15:15 – Higgins and Colyer reached the so-called “mud hole” where Higgins had originally found wood ape tracks back in 2000. There, the men found all manner of wildlife tracks, including raccoon, deer, hog, and black bear. They also found three tracks they attributed to the target species (about 14 inches in length). (Adapted from Operation Tenacity Juliet team after-action report from July 22, 2014, unpublished.)


    Gee, look at that, matches "Vocalizations (huffs, grunts, whistles, growls, screams and chattering"..

    And apparently these things were strong enough to break large trees..

    There are too many if's in this case. And frankly the bears, are often confused with yeti's. Even in this report, in one instance, one saw a bear, grabbed his gun and then suddenly it became a possible yeti sighting because the back was not humped.

    While sitting on the porch in just shorts and a shirt, Lawrence caught a visual glimpse of a large reddish-brown animal creeping through the woods about 40 yards to the south quadrupedally; the animal was traveling east to west. For about two seconds, Lawrence saw the flat reddish-brown back of the large animal. At first, Lawrence thought the animal to be a cinnamon-colored black bear, but then thought the back was too flat. A bear would normally have a humped back. Without being dressed to investigate the visual, Lawrence grabbed his rifle and continued watching the woods.


    Here is a photo of a black bear:

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    Note the straight and very flat back.

    There was another thing as well. The report details how bears were attracted to non-food related items:

    Higgins and Colyer returned for their first camera maintenance trip in July 2006. They found numerous photos of black bears (Ursus americanus) but no photos of the target species. They also discovered that their cameras had been, in all cases, damaged, and in some cases completely destroyed, by black bears. This necessitated protecting all subsequently deployed camera traps in heavy metal “bear boxes” secured with chains and padlocks. This made the work of deploying camera traps far more difficult, but it was necessary to keep the expensive equipment from being destroyed by black bears, attracted as they are to a variety of petroleum-based products, including fuels, oils, plastics, and rubber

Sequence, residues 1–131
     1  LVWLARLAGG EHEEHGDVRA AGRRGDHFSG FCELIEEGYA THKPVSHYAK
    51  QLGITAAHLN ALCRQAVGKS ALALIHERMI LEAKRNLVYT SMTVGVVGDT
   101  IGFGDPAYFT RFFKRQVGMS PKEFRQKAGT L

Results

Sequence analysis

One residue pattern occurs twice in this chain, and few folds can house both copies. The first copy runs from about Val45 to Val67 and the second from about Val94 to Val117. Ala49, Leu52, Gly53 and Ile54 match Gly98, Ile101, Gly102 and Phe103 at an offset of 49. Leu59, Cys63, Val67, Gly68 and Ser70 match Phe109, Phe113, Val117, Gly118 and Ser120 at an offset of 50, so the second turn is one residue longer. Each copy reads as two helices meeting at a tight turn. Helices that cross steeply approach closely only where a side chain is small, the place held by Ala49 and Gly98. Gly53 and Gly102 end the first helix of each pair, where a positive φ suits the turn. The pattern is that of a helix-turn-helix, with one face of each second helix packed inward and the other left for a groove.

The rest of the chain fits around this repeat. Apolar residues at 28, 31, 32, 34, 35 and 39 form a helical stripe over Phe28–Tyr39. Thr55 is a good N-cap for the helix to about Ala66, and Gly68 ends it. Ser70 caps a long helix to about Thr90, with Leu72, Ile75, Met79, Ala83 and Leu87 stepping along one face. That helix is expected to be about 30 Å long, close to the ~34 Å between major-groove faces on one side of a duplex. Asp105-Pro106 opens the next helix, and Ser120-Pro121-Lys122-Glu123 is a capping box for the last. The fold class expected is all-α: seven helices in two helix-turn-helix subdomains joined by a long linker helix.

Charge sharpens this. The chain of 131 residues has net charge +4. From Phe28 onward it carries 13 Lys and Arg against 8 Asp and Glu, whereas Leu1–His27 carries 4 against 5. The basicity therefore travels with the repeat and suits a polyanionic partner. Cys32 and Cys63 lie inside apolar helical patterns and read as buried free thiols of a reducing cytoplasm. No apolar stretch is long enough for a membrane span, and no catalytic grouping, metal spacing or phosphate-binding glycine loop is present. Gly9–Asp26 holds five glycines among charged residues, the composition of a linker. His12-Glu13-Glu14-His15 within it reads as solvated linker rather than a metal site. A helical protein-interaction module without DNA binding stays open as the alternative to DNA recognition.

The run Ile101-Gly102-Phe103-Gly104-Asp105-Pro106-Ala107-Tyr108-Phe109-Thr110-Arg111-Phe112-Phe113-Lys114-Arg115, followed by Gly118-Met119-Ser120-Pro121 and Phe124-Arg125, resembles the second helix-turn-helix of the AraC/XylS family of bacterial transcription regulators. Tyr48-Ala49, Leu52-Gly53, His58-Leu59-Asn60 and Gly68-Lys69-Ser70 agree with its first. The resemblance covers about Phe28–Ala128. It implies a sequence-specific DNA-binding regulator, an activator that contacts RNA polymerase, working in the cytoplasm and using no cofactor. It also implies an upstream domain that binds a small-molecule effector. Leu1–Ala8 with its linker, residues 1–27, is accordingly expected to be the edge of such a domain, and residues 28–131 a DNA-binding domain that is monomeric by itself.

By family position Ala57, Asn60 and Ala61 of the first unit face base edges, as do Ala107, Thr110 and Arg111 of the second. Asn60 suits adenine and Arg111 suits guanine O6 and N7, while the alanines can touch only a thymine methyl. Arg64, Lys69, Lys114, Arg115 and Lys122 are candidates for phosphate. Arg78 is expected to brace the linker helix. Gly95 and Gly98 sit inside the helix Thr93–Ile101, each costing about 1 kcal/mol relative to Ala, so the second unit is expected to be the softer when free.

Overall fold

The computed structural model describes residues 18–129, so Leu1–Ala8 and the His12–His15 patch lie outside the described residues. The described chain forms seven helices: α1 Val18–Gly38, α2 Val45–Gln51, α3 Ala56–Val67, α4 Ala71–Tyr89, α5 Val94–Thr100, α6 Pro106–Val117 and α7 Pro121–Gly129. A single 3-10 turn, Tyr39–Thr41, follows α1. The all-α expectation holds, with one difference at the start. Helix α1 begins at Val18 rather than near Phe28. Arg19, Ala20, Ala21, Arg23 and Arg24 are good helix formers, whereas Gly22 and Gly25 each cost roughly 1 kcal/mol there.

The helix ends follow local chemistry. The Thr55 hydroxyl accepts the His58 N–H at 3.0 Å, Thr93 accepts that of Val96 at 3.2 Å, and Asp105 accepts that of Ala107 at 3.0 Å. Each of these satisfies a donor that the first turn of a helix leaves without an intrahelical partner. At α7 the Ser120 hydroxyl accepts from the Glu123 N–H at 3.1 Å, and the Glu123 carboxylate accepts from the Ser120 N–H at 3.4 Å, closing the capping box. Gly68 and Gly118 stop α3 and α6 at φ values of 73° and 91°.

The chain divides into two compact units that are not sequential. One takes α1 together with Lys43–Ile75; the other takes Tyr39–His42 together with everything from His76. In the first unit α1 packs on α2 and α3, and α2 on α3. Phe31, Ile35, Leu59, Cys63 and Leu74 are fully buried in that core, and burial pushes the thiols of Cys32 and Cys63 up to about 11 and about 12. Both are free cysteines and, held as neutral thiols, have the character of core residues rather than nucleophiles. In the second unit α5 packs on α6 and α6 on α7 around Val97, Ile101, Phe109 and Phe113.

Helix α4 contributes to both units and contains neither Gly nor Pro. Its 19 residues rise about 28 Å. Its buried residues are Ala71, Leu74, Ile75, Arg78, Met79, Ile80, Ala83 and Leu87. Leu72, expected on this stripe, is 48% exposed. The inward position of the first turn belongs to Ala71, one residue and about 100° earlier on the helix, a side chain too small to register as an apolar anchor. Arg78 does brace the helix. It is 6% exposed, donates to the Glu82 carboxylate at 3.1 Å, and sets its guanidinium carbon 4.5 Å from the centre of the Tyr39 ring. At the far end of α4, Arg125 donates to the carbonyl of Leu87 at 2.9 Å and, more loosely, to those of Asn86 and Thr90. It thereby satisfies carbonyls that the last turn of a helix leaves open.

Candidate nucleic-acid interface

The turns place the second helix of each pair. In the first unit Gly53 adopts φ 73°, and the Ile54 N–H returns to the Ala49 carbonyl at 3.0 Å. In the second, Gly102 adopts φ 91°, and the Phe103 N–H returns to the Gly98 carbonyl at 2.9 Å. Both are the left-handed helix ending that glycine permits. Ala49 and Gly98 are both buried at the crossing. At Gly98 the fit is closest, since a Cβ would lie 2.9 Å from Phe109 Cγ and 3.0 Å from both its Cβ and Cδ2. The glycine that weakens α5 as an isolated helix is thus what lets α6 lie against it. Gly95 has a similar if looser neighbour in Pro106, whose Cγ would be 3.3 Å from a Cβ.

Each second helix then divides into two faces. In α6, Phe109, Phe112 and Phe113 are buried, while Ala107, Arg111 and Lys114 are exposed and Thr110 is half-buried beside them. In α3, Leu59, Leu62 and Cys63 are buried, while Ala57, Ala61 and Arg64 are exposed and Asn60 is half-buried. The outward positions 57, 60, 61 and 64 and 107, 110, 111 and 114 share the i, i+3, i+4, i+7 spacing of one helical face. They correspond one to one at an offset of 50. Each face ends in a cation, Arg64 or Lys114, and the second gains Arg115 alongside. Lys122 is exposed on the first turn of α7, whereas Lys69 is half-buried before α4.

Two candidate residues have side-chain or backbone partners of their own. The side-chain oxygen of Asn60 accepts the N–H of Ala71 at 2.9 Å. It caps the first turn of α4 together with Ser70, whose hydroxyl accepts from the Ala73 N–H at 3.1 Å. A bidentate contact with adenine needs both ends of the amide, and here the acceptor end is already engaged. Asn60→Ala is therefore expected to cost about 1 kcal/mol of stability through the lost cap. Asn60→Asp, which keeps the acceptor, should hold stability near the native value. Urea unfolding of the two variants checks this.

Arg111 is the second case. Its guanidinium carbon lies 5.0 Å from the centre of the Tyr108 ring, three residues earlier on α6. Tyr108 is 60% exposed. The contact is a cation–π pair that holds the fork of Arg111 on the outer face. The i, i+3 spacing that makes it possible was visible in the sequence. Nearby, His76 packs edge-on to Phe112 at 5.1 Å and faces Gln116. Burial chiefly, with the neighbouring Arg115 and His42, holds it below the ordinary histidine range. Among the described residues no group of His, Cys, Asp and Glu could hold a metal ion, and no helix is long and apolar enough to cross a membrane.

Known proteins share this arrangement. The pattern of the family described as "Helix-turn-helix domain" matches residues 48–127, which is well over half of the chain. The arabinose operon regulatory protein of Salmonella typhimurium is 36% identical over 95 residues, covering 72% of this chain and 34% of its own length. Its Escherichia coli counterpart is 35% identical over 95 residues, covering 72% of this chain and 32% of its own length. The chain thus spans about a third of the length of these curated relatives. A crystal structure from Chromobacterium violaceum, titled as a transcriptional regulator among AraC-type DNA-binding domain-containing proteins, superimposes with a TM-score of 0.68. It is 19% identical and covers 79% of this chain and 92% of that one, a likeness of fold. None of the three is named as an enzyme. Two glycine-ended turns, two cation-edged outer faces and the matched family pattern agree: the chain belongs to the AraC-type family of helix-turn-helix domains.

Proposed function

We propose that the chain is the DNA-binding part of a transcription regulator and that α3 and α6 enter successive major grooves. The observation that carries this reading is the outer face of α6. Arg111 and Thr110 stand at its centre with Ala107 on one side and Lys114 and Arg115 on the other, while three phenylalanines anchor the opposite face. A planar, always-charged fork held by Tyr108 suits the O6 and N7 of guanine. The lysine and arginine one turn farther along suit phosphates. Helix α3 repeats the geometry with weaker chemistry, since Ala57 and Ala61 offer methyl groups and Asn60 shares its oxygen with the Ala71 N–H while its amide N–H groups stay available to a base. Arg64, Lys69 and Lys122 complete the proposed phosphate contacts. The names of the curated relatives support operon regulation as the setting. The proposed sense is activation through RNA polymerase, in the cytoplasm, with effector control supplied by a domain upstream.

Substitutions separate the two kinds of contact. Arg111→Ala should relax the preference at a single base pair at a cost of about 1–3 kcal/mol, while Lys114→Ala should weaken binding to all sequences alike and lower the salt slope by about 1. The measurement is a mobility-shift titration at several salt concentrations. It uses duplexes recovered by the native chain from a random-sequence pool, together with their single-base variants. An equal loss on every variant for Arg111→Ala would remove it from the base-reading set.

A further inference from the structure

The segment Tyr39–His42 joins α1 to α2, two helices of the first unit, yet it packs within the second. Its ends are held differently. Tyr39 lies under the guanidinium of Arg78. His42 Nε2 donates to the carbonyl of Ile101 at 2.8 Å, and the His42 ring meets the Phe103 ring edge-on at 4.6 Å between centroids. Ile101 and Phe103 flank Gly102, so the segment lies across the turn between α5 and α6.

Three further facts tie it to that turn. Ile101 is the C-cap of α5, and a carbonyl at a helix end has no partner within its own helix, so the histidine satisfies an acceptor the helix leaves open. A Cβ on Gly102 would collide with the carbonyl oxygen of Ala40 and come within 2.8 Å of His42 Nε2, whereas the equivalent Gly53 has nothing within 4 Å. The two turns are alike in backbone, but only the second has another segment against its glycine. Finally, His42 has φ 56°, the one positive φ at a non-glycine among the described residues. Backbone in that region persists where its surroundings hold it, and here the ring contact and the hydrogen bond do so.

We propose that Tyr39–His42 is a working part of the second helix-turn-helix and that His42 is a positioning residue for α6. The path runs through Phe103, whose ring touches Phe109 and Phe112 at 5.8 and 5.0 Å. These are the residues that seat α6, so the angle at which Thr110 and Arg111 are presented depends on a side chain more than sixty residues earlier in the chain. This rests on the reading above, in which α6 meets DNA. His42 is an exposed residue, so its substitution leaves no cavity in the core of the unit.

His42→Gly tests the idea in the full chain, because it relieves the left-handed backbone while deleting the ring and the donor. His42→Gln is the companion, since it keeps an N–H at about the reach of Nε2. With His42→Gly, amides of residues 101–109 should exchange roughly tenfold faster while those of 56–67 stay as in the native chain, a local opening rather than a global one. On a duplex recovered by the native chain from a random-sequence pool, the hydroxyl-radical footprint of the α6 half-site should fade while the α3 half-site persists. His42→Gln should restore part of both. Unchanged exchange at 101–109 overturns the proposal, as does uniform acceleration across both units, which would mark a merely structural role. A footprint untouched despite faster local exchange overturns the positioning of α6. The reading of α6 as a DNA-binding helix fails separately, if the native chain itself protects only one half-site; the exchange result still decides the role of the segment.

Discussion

But on another site discussing the research for this report, they tried to claim that black bears not never attracted to things not food related. Which is blatantly false.

    And oh yeah, black bears can come in a variety of colours, and yes, all the colours these 'researchers' apparently spotted in the bush in the report.
     
  23. Magical Realist Valued Senior Member

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    One glaring hole in your "bear theory"---bears don't throw rocks or bang on trees with wooden sticks. Also, a bear growl is in no way anything like a bigfoot vocalization. Here's an example of a bigfoot vocalization:



    "Rock throwing, or using other objects as projectiles, is now widely accepted as normal behavior for the known great apes. Through observations in the field over the last several decades, chimpanzees have been documented to commonly throw rocks and other items such as feces or branches at humans, other apes, and monkeys (Wilson, 2014). Rock throwing has been strongly suggested for early hominins and has been documented among the known great apes “in the context of both inter- and intra-species agonistic encounters, although some have described it as a means of initiating play or communication” (Hopkins, Russell, & Schaeffer, 2011). It has also been documented that rock throwing among the known great apes, particularly for chimpanzees, occurs during dominance demonstrations, strength exhibitions, intimidation displays, or outbursts of emotion."----http://media.texasbigfoot.com/OP_paper_media/OuachitaProjectMonograph_Version1.1_03112015.pdf

    On this website you will find recorded audio clips of wood knocks, rock throwings, huffs, "mouth pops", whistles, and vocalizations of the creature in question:

    http://woodape.org/index.php/our-research/projects/248-opmonograph
     
    Last edited: Apr 4, 2015